Meanwhile, a study published in 2006 in the New England Journal of Medicine, using Vancouver's DCR as a test subject, showed increased enrollment in detox programs among users of the facility. There are a couple possible reasons for that: the program is within the easiest possible reach; lessened fear of punishment for having the drugs on them in the first place; a buildup of trust of the authorities through continued positive interaction with them; and as one Copenhagen user in the NPR article notes, being at the DCR allows users to be amongst people that they can be social with on whatever level, be it authority or fellow user, and just being social at all- as opposed to being alone in some alley somewhere- helps show users some sort of light at the end of the tunnel.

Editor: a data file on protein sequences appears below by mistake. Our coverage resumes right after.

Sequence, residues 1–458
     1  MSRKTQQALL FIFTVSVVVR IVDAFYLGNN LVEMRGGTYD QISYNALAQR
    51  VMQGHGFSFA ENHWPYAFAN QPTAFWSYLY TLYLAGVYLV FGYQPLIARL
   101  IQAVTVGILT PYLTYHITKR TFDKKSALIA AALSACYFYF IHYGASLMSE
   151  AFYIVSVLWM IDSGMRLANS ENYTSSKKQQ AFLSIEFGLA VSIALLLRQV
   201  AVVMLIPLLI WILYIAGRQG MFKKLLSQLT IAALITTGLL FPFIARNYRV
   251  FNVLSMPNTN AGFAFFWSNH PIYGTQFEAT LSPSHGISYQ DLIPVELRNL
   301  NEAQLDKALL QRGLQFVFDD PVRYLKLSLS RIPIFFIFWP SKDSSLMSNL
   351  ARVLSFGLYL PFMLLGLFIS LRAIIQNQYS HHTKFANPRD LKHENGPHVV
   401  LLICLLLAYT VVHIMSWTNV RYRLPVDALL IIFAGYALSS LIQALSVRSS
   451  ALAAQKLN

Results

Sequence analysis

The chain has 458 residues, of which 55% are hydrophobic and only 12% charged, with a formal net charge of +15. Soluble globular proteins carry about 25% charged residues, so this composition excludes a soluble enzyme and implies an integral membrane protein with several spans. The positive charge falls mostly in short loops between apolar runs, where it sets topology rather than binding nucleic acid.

Despite that evidence, let's not get too ahead of ourselves. This is very much the kind of thing that's only going to grow on a city-by-city basis, because asking cities to open a facility where people can legally take drugs, even for a reason and goal as that, is a lot to ask someone to wrap their head around. Any city that adds a DCR is not going to be cajoled into it; they're going to need to see proof to their individual satisfaction that the concept works, because otherwise the worry is going to be that you're just allowing people to shoot up unencumbered and so people are going to start using more often, thus making their problems worse. Which despite the evidence so far is not an easily-dismissed argument, and in some cities, maybe those fears even get realized, especially if a city runs their DCR poorly or halfheartedly and/or fails to gain the trust of their local users. Copenhagen has buy-in from their local police, and they work to make it function properly, but in some of your harder-line locations, where police are more collectively inclined to punish, trust would be a much rarer commodity. Joe Arpaio, the self-styled 'America's Toughest Sheriff', could never put one in Phoenix, to use an extreme example. He'd have no credibility. The users there would likely dismiss it as a sting operation, and the way some of the authorities there would run it, there's a possibility they'd be right.